An estimated four million Australians build and enhance their skills by undertaking vocational education and training every year. All individuals undertaking nationally recognised training need to have a student identifier issued by the Student Identifiers Registrar. This includes individuals enrolled in a VET course while completing their secondary school studies. Over 10 million student identifiers have now been created.

The bill makes it clear that the Student Identifiers Registrar has the power to determine by exemption whether a VET qualification or VET statement of attainment can be issued by a registered training organisation to an individual who does not have a student identifier.

To ensure they do not unknowingly miss out on the benefits of having a student identifier, the individual will need to declare they understand the consequences of not being assigned a student identifier in their application to the Student Identifiers Registrar, including being unable to generate an authenticated VET transcript.

Further minor amendments clarify the Student Identifiers Registrar's powers to spend in relation to the purposes of the Student Identifiers Special Account. This will ensure efficient administration of the student identifiers scheme.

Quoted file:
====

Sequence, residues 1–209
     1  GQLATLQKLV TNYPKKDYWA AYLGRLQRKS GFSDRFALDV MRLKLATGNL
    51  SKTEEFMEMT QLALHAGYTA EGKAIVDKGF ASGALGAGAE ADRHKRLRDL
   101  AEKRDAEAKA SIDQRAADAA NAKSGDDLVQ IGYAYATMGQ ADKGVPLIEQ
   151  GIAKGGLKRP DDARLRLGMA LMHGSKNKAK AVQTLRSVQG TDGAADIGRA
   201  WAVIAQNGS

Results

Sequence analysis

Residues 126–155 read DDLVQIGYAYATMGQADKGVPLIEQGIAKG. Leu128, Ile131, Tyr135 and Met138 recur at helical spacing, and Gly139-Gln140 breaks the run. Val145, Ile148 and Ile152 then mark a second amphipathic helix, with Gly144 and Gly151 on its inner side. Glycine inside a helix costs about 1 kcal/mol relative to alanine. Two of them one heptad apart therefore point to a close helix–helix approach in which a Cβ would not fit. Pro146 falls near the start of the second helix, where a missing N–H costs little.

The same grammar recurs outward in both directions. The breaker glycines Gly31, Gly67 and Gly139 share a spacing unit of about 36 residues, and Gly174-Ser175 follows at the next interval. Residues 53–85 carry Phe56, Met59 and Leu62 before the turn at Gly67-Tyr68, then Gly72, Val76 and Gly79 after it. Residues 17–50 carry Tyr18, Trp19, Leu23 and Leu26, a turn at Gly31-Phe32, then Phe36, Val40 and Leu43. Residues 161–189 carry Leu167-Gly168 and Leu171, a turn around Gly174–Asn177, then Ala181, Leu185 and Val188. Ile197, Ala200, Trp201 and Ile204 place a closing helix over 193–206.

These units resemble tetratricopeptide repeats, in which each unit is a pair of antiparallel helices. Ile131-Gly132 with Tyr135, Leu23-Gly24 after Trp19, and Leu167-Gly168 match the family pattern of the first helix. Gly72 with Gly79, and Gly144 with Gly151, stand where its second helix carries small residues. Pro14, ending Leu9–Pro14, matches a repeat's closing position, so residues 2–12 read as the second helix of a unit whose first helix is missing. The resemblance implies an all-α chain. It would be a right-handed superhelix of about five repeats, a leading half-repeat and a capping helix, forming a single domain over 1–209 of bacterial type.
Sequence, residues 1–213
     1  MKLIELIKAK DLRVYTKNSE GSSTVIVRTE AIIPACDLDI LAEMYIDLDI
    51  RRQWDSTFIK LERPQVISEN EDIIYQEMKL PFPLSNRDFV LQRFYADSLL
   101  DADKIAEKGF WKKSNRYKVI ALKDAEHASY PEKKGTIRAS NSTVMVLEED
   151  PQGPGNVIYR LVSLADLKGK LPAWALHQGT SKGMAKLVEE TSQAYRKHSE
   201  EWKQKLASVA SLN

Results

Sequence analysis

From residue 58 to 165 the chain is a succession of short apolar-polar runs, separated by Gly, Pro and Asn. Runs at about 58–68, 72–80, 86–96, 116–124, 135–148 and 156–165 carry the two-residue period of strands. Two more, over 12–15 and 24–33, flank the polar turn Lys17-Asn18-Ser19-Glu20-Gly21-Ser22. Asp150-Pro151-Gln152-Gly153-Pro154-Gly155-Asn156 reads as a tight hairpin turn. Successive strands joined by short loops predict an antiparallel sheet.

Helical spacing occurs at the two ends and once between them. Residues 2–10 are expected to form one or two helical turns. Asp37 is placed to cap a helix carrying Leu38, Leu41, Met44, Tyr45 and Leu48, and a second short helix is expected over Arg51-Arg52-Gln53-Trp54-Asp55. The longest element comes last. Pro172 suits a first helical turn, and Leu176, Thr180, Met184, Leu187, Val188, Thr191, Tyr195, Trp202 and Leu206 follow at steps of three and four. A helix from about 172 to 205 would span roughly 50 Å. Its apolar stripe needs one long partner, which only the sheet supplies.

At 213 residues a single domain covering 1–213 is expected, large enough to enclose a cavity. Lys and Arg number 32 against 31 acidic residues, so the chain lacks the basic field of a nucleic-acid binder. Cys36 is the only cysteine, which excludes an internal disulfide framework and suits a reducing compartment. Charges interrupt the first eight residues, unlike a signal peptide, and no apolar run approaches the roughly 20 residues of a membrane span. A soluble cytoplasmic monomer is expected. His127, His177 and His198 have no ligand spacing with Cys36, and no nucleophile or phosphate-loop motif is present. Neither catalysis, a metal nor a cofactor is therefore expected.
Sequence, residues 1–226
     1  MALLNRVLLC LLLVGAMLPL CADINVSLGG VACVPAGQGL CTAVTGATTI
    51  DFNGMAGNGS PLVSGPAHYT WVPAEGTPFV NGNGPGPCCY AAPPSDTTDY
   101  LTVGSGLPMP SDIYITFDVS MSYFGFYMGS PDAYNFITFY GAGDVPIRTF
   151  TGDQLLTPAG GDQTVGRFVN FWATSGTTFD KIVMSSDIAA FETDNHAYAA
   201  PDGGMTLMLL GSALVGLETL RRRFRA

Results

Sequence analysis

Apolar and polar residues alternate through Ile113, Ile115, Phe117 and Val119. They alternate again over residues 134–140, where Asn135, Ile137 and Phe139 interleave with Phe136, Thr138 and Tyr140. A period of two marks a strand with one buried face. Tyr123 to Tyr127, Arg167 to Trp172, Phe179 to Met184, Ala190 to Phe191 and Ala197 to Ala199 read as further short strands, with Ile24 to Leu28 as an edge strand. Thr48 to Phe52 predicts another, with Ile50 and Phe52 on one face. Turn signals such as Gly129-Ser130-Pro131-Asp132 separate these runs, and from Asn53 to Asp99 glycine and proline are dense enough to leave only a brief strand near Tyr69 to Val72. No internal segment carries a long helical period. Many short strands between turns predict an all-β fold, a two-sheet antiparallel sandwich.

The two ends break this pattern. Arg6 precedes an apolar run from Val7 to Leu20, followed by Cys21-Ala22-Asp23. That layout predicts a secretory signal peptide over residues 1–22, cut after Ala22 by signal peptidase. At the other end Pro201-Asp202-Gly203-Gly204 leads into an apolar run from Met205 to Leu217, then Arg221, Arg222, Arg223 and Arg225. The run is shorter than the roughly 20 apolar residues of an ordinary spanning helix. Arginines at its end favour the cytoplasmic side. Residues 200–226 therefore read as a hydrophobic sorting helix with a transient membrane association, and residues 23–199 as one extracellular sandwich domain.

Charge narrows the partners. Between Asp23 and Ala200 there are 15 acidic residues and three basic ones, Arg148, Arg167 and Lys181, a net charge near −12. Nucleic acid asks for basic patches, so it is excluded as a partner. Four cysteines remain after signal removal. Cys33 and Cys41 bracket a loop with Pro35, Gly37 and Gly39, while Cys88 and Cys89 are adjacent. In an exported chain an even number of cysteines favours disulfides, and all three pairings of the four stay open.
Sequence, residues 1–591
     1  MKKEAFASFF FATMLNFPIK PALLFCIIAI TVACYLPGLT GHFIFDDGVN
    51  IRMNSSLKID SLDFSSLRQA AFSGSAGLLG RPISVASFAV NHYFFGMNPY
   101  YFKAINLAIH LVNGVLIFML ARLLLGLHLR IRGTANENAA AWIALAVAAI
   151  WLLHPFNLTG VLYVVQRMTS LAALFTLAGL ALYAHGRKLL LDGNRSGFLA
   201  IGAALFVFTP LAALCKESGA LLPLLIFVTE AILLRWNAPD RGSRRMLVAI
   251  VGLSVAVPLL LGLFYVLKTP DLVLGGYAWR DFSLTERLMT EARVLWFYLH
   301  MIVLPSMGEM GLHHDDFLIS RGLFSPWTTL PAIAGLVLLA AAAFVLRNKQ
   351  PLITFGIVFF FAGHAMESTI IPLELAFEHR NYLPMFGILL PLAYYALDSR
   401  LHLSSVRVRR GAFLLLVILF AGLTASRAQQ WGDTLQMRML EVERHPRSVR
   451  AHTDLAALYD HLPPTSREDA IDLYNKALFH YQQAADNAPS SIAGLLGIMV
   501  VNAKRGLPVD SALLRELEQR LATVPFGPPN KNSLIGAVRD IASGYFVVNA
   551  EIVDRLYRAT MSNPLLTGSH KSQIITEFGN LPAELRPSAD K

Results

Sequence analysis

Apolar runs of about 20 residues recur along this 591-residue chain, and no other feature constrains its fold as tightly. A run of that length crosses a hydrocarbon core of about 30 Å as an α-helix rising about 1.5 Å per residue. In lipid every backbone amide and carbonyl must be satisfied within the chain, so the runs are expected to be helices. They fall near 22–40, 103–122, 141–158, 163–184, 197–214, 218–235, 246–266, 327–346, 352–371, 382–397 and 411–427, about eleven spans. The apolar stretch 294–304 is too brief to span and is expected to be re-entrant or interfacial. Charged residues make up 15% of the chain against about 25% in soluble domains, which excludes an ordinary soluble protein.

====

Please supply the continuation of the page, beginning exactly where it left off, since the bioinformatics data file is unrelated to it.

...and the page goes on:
To remove ambiguity about sharing information with law enforcement bodies, the bill notes that the Student Identifiers Registrar can disclose information in an authenticated VET transcript in accordance with Australian Privacy Principle 6. APP 6 permits disclosure for enforcement related activities.

A strong VET sector will provide positive economic and social outcomes and will encourage more students to choose VET as a pathway to a rewarding and exciting career. This will support millions of Australians to obtain the skills they need to participate and prosper in the modern economy.

Closing information gaps and improving the transparency of the training sector will increase confidence in VET and make more information available to training consumers, industry, registered training organisations, regulators and governments.

The ability for employers, employment agencies, and state, territory and Commonwealth licensing bodies to verify an individual's academic record will increase transparency of the VET sector and reduce regulatory burden during employment recruitment exercises and funding requests, making it easier to verify VET qualifications. This initiative will provide confidence to industry on the authenticity of VET qualifications while keeping information under the control of the individual.

I commend the bill.

Debate adjourned.